In many cases agencies are fussy about the type of landlord they work with. They only want to work with trustworthy and reliable landlords who have good quality rental properties as they want to ensure the tenant gets the best possible deal.
At Thorgills, our letting agents are experts within the local rental market and are always on hand to help you find your ideal property. If you would like to keep up-to-date with the latest properties to rent in Brentford, Chiswick, Ealing, Isleworth or Acton, register today.
Prepare for Referencing Checks
This is an extremely important stage that every tenant must go through. It is designed to ensure you are able to pay the rent and are a suitable tenant. This will usually involve the following:
- The agent/landlord may want to know where you have lived for the past 3-5 years and ask for references from previous landlords.
- A credit check will be run to see what sort of history you have paying bills, including rent.
- You will have to provide your bank account details for direct debit payment of rent.
- Provide current employment details and history, as the agent/landlord will require a reference to verify your salary.
If any of these checks fail, you may not be successful in claiming the tenancy. Alternatively, you may be asked to provide a guarantor as financial protection.
Deposit Scheme and Tenancy Agreement
With all of the checks cleared and out the way, you will have to put down a deposit to take the property off the rental market. As we mentioned at the start, this is capped at 5 times the weekly rent (for properties under £50,000 a year) and will be held for the duration of the tenancy.
The deposit is used for financial protection by the landlord in the event of any damage caused to the property while you are staying there. When the property is checked at the end of the tenancy, it will be determined whether any deductions need to be made to account for damages.
For your protection, landlords are required to deposit your money into a Government-backed tenancy deposit scheme. It will have to be deposited there within 30 days of being received and full details of the scheme provided to you, including contact details.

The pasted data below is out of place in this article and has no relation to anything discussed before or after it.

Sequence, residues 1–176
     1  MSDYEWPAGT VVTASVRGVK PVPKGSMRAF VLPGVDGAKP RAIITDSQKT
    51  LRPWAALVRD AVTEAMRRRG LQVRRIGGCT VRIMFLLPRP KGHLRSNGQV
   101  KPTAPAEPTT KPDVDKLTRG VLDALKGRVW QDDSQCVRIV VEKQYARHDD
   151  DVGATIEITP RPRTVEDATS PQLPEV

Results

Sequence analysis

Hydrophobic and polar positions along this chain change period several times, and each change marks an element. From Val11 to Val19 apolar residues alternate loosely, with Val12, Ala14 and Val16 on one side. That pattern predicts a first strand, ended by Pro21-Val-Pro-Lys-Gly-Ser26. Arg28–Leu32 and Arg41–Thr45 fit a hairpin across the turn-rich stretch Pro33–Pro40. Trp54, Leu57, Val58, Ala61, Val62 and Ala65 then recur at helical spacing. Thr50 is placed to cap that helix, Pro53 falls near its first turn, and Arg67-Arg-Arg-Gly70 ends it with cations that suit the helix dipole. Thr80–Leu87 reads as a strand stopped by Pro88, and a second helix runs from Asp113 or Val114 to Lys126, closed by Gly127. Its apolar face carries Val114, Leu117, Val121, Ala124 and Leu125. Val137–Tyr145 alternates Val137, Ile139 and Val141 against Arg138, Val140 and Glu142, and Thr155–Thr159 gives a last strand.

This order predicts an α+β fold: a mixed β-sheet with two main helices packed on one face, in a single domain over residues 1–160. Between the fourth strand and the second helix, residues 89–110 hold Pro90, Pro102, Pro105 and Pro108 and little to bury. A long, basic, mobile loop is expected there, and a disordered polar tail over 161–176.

You should also be supplied a tenancy agreement before you move in. This will lay out the full details of the tenancy and the responsibilities of both parties. This includes things such as the property address, names of the parties involved, start/end date of the tenancy, rental costs, method of payment and deposit details.
Check all Paperwork Before Moving In
Once you are given the relevant paperwork relating to your property, it is your responsibility to check it in detail to ensure everything is in order.
If you are not satisfied with the details or have questions about any part of the process or upcoming tenancy, now is the time to ask. Agents are more than happy to answer your queries and understand that signing up to a tenancy is a big financial commitment.
Also remember to check who will be managing the property once the tenancy begins, so you know who to contact should there be any issues after you have moved in.
Know your Responsibilities as a Tenant
While the landlord has to meet certain legal standards, there is also an onus on tenants to keep to their responsibilities once they have moved into the property. This includes things like:
- Paying rent: Signing the tenancy agreement means you have agreed to pay the full rent in advance and on time every week/month. Failure to do so could lead to you being evicted.
- Benefit assistance: Some landlords accept housing benefits to cover the rent or subsidise part of it. On your part you must remain up-to-date with your claim, so it does not fall into arrears. This also applies to using Universal Credit to pay your rent. In either case the landlord must agree to these being used as a method of payment.
- Take care of the property: While living in the property, as a tenant it is your responsibility to not purposely cause any damage to the interior or structure. If anything needs repair or maintenance, contact the landlord as soon as possible as it is their responsibility to fix it.
- Follow the rules: Do not smoke, allow others to stay in the property, raise a pet or anything else that is prohibited by the tenancy agreement and not agreed to by the landlord.
How to End your Tenancy
When it comes to ending your tenancy, you must follow the proper procedure to avoid being charged rent even if you are no longer living there.
The tenancy agreement will lay out the full terms of how to end the tenancy, which will vary depending on the type of contract you have in place.
You may be able to leave the property with immediate effect, but this will have to be agreed by the landlord and you should always get confirmation of their acceptance in writing first.
If you are looking for properties to rent in Brentford, Chiswick, Ealing, Isleworth or Acton, get in touch with our expert letting agents who will be happy to help.
Get in touch